Sri Lanka defeated the mighty Australia
The 1996 Cricket World Cup was jointly hosted by India, Pakistan and Sri Lanka. A total of 12 teams, divided into two groups, fought for places in the quarter-finals.
The island nation, led by Arjuna Ranatunga, remained unbeaten in the group stage. Sri Lanka defeated England by five wickets in the quarter-finals, beat India by 131 runs in the semi-finals and then handed Australia a seven-wicket defeat to clinch the title in Lahore.
Australia’s unrivaled dominance
No team in the history of cricket has dominated the sport like the Australian team did in the 1990s and 2000s. Steve Waugh’s Australian team, who entered the final based on net run-rate after a drawn semi-final in South Africa, cruised past Pakistan in the final to win the 1999 World Cup in England.
Four years ago, Ricky Ponting’s men added a third World Cup title to the Australian cabinet, beating Sourav Ganguly-led India by 125 runs in the summit clash with the Wanderers in Johannesburg.
Ponting’s Australia enjoyed another unbeaten campaign in the West Indies in 2007. Powered by Adam Gilchrist’s 149 this time, Australia beat Sri Lanka by 53 runs in the final to become the first cricket team in history to win a hat-trick -trick of World Cup titles.
India won the title after 28 years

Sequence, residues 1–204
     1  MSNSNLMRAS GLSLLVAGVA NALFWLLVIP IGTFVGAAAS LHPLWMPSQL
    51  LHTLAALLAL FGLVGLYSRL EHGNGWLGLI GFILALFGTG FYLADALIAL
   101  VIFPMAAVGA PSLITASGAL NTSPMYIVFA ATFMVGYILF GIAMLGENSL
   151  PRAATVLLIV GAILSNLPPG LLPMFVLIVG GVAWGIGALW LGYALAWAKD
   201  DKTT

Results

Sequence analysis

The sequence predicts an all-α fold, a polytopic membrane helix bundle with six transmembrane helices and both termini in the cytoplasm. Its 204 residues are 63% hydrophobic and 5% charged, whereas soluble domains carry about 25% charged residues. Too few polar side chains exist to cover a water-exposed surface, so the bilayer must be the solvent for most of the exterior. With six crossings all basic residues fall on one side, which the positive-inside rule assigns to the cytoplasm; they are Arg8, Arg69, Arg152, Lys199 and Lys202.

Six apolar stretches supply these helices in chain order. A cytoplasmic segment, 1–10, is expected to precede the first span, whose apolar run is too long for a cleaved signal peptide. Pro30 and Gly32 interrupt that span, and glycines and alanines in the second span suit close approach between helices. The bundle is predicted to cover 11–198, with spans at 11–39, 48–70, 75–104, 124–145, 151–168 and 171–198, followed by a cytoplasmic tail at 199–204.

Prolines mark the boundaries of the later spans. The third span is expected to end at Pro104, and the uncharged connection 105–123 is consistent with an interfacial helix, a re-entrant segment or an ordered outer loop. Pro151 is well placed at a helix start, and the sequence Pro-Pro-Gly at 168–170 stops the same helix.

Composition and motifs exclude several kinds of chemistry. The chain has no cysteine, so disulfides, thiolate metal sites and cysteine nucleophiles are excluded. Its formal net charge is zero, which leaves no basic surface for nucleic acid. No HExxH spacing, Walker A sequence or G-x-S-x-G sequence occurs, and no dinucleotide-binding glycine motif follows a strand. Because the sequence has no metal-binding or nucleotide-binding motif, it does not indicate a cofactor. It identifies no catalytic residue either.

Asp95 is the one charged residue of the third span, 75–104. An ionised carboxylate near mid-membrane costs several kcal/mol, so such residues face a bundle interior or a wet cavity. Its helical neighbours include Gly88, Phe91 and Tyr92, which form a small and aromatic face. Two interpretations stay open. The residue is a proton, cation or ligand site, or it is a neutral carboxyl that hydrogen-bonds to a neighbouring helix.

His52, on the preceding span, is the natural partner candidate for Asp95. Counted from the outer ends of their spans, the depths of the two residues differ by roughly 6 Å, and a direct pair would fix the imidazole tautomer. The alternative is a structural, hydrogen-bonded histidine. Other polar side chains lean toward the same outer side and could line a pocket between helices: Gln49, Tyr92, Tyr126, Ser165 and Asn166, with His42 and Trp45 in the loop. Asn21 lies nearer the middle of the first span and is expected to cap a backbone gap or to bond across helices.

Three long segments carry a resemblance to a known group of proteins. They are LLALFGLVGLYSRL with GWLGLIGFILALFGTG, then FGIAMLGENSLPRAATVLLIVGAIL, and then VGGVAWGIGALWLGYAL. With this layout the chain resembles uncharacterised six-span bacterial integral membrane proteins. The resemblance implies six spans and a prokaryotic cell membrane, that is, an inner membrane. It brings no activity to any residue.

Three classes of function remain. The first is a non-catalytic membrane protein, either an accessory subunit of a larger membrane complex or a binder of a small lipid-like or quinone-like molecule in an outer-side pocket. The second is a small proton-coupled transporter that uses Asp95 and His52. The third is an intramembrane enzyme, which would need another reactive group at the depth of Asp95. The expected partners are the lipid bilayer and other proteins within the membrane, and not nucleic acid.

The 2011 World Cup, hosted by India, Sri Lanka and Bangladesh, was the first time two Asian teams — India and Sri Lanka — contested the final. A total of 14 teams, divided into two groups of seven, played for a place in the quarter-finals.
India, who lost to South Africa and drew with England in the group stage, ousted Australia in the quarter-finals, defeated Pakistan in the semi-finals and beat Sri Lanka in the final by six wickets to claim their second trophy.
MS Dhoni’s composed captaincy style, Yuvraj Singh’s match-winning knocks and crucial bursts from Zaheer Khan proved crucial in India’s title win.
Australia took back the top prize
In 2015, Australia matched India’s feat of winning the World Cup on home soil. The number of teams and format remained the same as the 2011 World Cup.
Although New Zealand and India emerged unbeaten from the group stages, Australia defeated both sides en route to winning their fifth title. After defeating Pakistan by six wickets in the quarter-finals, Australia defeated India by 95 runs in the semi-finals and handed New Zealand a seven-wicket defeat at the MCG to clinch the title.
Mitchell Starc, for taking 22 wickets in eight matches, was adjudged the player of the tournament.
England won the World Cup by a margin
After losing the World Cup final three times, England finally claimed the World Cup trophy by defeating New Zealand in the 2019 World Cup final at the iconic Lord’s Cricket Ground in London.
The final ended in a tie with England bowled out for 241 in reply to New Zealand’s 241/8 in 50 overs. The 84 not out by Ben Stokes took the game to the super over where England won on the ‘boundary count’ after even the super over was tied between the two sides which ended with 15 runs.
Earlier in the competition, England beat Australia by eight wickets in the semi-final after finishing third in the league stage.
ODI World Cup winners